He has been active in local politics, donating to Marty Walsh when he was mayor, and to City Councillor At-Large Erin Murphy, state Rep. Rob Consalvo, and Felix G. Arroyo when he was an at-large councillor.

Arroyo’s brother Ricardo has been the councillor in District 5 since 2019. An attorney who has worked as a public defender for the Committee for Public Counsel Services, he also lives in Hyde Park. He unsuccessfully ran for Suffolk district attorney in 2022.

“I think races are good for democracy,” Arroyo said. “If folks are thinking about running, they should.”

The chair of the Council’s Government Operations Committee, Arroyo said that as he gears up for another Council run, his office is working on an ordinance that would cut down on food waste whereby supermarkets, some grocery stores, food service providers and distributors, wholesale vendors, hotels and large restaurants, among others, would be required to separate and donate excess edible food that would otherwise get thrown away.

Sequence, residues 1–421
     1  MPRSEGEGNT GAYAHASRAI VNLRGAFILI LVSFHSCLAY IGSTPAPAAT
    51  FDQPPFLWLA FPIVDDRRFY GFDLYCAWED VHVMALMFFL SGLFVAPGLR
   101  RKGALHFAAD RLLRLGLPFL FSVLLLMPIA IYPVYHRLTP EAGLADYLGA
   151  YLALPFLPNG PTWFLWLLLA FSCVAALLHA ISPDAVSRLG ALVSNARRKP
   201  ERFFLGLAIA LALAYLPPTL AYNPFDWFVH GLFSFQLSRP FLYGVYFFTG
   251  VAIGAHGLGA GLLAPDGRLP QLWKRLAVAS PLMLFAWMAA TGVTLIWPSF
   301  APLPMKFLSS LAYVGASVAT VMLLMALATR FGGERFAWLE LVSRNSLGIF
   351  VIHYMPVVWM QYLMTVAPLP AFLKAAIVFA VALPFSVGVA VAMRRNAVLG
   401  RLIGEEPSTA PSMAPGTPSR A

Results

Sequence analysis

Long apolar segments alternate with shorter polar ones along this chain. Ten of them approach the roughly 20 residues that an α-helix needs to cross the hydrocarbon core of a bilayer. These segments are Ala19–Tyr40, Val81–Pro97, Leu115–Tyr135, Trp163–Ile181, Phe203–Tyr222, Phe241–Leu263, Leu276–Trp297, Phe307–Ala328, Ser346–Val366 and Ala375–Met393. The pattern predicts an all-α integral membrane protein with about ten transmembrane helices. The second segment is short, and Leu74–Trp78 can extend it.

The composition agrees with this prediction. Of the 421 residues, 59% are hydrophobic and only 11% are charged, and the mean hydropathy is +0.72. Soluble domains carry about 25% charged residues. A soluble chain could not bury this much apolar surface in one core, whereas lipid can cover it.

Low-income, single-parent Black and Hispanic households see higher rates of food insecurity, according to the ordinance filed by Arroyo and District 1 Councillor Gabriella Coletta.

“We’re going to continue to push to make Boston a more equitable city moving forward,” Arroyo said.

Another candidate may be in the mix: Jean-Claude Sanon, a Mattapan resident who has made multiple runs in District 5, has applied to pull papers for a potential campaign. Nomination papers became available on Tuesday this week, with candidates for the nine district seats needing 200 signatures from registered voters to get on the ballot.

The preliminary election is set for Sept. 12 and the final election will take place on Nov. 7.